port timing and possible mods???

Discussion in 'General Questions' started by emdude, Feb 25, 2009.

  1. emdude

    emdude Member

    The rant below is long but does have a point, and more specifically some questions.

    When I was a kid growing up in Germany, all we could have with reasonable "legal" ease were 50 cc mopeds. They were limited by law to no more than 1.5 HP and were not supposed go faster than 25 kph. Young wanabe gear-heads that we were at the time, we tried everything we could to squeeze every bit of performance out of these little engines we could get.

    BTW, those were the days....you could get 1:25 premix at any gas station!!!

    One of the things we would do on some engines is to ad a "distance piece" between the cylinder base and the crank case of one or two mm. Sheet aluminum of the desired thickness was cut to match the base gasket and this was then slipped under the cylinder. I remember long hours of cutting away at this with a jig saw and then filing it to proper shape with a rat tail file. This of course would raise ALL the ports in the cylinder increasing the OPEN time of the exhaust and transfer ports and of course reducing the intake timing. The piston skirt would have to be cut on the intake side by the same amount to make up for this loss.

    On some engines this made substantial difference in performance, but of course it was mainly top end that was gained. I recall one engine I had that had been "throttled" by the manufacturer to meet the 1.5 HP limit simply by changing the cylinder casting of the transfer ports. They had taken the same cylinder from what would have normally been a say a 3 HP unit and moved ONLY the transfer ports down, at least from what I could tell. If you looked at the piston at BDC the transfer ports were not fully open. The exahust port seemed as I thought it should be. I guess this was an easy way out for them.

    Adding, I think it was 1.5 mm, below the cylinder raised all the ports of course and this specific engine really went nice after that. In fact it was the single biggest improvement I made. Yes. I did cut the skirt of the piston on the intake side appropriately. I spent a LONG TIME with a mirror and lots of wet sanding paper grinding away at the head to make up for the lost compression as best I could.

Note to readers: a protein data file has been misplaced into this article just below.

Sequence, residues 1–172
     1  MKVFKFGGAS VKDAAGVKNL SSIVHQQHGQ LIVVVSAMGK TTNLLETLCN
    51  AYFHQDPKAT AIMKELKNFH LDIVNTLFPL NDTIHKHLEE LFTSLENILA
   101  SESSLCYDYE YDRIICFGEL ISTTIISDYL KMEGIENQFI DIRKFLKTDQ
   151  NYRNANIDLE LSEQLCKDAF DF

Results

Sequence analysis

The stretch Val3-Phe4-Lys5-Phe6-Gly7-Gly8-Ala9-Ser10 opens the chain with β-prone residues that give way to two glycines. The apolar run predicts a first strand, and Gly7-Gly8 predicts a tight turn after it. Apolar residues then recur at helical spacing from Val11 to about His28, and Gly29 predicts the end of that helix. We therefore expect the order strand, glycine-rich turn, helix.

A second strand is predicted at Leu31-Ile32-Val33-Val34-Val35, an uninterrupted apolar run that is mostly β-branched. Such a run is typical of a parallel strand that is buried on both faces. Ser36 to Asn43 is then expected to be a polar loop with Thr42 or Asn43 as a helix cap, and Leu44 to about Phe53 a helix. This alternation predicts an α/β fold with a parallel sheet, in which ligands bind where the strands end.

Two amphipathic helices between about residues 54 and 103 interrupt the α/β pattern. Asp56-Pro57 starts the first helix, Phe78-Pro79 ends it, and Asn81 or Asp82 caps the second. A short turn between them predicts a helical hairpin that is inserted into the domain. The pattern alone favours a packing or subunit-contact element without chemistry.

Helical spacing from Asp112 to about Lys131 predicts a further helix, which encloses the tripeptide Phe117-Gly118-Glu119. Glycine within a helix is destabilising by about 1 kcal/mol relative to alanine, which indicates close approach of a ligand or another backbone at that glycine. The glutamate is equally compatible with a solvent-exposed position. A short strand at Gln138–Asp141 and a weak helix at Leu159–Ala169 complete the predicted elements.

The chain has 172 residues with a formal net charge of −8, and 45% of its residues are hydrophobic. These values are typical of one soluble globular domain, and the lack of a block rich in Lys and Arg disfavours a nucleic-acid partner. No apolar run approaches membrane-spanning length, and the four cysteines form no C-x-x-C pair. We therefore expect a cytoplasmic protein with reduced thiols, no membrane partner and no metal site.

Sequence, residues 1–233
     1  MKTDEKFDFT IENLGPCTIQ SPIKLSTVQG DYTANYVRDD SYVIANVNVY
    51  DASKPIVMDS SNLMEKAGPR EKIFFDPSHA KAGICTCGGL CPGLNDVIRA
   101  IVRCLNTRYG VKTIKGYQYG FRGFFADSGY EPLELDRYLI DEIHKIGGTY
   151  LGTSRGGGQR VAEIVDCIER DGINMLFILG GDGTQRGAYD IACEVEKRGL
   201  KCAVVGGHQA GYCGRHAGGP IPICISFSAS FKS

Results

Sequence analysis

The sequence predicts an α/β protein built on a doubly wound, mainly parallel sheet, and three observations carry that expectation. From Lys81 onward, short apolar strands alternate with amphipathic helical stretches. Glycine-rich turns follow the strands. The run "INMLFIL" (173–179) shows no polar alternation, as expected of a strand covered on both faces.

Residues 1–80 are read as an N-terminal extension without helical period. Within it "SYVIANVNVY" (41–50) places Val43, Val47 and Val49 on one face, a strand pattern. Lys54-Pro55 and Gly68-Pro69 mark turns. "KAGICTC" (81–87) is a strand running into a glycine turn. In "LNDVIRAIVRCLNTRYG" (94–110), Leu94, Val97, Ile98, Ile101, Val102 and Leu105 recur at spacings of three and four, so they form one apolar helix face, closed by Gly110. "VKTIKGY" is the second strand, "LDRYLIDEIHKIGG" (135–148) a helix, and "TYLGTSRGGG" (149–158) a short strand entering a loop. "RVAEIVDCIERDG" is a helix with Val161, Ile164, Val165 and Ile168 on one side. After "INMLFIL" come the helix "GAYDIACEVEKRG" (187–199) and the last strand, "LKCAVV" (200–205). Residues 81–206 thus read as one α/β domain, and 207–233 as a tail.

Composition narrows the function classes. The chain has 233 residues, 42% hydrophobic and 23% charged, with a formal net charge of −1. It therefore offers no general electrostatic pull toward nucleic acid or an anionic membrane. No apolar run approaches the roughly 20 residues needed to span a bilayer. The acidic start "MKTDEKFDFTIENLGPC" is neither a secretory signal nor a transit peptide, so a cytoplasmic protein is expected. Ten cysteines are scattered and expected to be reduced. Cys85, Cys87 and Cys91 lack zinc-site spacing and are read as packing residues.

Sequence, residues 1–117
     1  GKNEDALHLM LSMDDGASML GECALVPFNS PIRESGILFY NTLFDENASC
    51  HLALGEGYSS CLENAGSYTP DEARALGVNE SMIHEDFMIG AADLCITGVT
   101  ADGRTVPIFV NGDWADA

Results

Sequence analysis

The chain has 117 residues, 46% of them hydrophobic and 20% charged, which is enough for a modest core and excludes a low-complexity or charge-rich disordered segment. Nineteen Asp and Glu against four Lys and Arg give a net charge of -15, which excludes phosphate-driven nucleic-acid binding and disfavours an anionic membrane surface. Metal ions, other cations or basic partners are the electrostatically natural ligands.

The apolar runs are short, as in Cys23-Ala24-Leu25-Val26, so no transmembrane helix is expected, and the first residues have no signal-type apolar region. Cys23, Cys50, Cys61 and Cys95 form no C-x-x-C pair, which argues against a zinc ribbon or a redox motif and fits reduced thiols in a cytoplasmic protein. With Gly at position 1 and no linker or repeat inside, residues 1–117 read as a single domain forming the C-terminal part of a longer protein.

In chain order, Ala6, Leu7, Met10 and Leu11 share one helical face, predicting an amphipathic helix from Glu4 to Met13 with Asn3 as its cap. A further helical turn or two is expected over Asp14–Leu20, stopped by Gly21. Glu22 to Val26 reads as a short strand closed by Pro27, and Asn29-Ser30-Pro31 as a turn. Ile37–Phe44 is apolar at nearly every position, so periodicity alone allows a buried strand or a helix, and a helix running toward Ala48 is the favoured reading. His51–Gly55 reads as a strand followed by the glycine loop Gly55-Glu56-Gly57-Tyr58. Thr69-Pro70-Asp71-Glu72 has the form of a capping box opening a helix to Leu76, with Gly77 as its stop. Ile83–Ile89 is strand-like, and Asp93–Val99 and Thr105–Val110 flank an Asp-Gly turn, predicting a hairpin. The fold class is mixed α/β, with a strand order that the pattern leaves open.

OK, as to our little Chinese engines:

    From what I found from examining mine the piston at TDC actually protrudes out of the top of the cylinder by just about the same amount as the of thickness of the head gasket. In fact I had found that the whole assembly is a bit on the sloppy side and that the head gasket has to be lined up perfectly; otherwise the piston will hit the gasket. Same thing goes for the head being lined up perfectly above the head gasket.

    The ports in the cylinder seem to be of reasonable size for what it is. I have no clue as to the timing of the ports because I have not made any form of degree wheel to try and find out.

    It occurs to me that it might be quite easy to cut a spacer as described above to fit the base of the cylinder/crank case thereby raising the cylinder just enough so that the head can be used without a gasket. If the spacer is made of the same thickness as the head gasket there is no compression loss.

    BTW we never used, nor even had any head gaskets back in the moped days. We did use some type of sealant though. It was brown a goop made for the purpose and got real hard after a while from the heat of the engine.

    Funny, but I also remember some of those engines later on coming out with NO separate head!!!. The cylinder and head were made of one contiguous piece. I wondered if they did this to prevent people from taking the heads down to increase compression or if they were just making life easier on themselves.

    The questions:

    Of course the first one is has anyone done this and with what result?

    Is there some GOOD reason I have not thought of or just don't know why the piston protrudes from the head at TDC? I do know it's not uncommon for many 2 strokes but don't know why.

    What is known about the port timing on these engines? Is it optimized as is and will any disturbance cause negative results?

    Yes, raising the ports, specifically the exhaust port will decrease the effective compression but would it be enough to loose bottom end power?

    Are specifications of the port timing available anywhere?

    Is the timing possibly conservative to the point where a slightly more advanced/lengthened port timing on the exhaust and transfer ports can be tolerated or even be beneficial?

    Has anyone modified the port timing of ANY ports, intake or exhaust, on one of these engines and if so with what result?

    I ask this because on the "throttled" engine I had it made such a huge difference at ALL rpm's. But this engine was an extreme case.

    Any input appreciated.
    Last edited by a moderator: Dec 15, 2015

  2. oldsalt

    oldsalt New Member

    I don't think I have the time to do any real port sizeing and heigth cutting. But it's a certinty that raising the barrel 40 thou, as you mention with a spacer, could not completly distroy the low end performance. I guess that's the tack I'll take. Finding what the head looks like so that a like amount, and slightly move, can be removed so that the compression dosen't suffer a loss. A guy can always use a rear sprocket with a few more teeth to make up for any loss of low end torque due to slightly raised ports. The little engine is so anemic, due to very conservative port timing and low compression, that it would be difficult to make it worse useing 1mm.
  3. spad4me

    spad4me Member

    Sounds like a nice idea.
    Last edited by a moderator: Dec 15, 2015